(Reuters Health) - Preventive dental care provided in the early stages of dementia could help limit major tooth problems later, researchers say.
“Dementia is associated with a change in health habits, including two major ones - diet and teeth cleaning,” said Robert Emanuel of Sussex Community NHS Foundation Trust in Sussex in the UK, a specialty care dentist who is often consulted to help patients with late-stage dementia.
Sometimes their teeth are nearly untreatable, he said.
“Especially when patients go to residential care, they tend to have a more sugary diet and have problems cleaning their teeth,” he told Reuters Health by phone. “If not looked after, their teeth can deteriorate quite quickly.”
Emanuel and colleague Anne Sorensen of Brighton and Sussex Medical School surveyed 51 patients about 10 weeks after these individuals had received a dementia diagnosis. They asked whether patients were registered with a dentist and if they received preventive dental care.
Forty-one patients, or 80 percent, were registered or seen regularly by a dentist, and 35 said they had been to the dentist in the past year. About half of the patients attended regular hygienist sessions.
At the same time, however, preventive care appeared to be lacking. Most patients didn’t receive diet advice or oral hygiene instructions. Most also weren’t offered fluoride treatments, particularly fluoride varnishes, which can help prevent cavities and tooth decay.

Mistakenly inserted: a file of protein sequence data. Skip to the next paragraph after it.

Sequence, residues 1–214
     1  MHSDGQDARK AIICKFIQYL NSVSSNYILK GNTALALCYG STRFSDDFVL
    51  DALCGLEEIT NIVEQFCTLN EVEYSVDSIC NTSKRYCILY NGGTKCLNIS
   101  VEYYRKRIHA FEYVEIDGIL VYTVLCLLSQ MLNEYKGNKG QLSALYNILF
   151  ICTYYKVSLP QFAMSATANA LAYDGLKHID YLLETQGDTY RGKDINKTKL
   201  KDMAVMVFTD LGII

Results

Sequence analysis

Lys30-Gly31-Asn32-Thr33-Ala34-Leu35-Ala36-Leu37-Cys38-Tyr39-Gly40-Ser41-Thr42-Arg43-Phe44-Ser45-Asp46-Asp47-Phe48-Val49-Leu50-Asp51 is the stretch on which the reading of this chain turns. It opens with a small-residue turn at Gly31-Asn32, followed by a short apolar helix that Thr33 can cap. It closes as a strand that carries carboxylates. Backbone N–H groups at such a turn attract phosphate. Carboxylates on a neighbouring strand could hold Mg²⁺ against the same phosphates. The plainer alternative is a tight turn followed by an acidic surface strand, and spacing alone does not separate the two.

“With dementia patients, we tend to be treatment-oriented and there’s not as much talk of prevention,” Emanuel said. “Early in the disease, we should build positive habits so patients don’t forget what their dentists advise.”
“It has been said, ‘Oral health is the gateway to quality of care and everyday life at old age,’” said Stefan Renvert of Kristianstad University in Sweden, who researches oral health in dementia patients living in residential facilities.
Renvert, who wasn’t involved in the current study, is working to develop devices that might help people with cognitive decline maintain their oral health.
This year, he and his colleagues will test electronic toothbrushes that can remind patients how to brush their teeth thoroughly and record information that dentists can use, Renvert said in an email.
SOURCE: go.nature.com/2GJzPYS British Dental Journal, online January 12, 2018.
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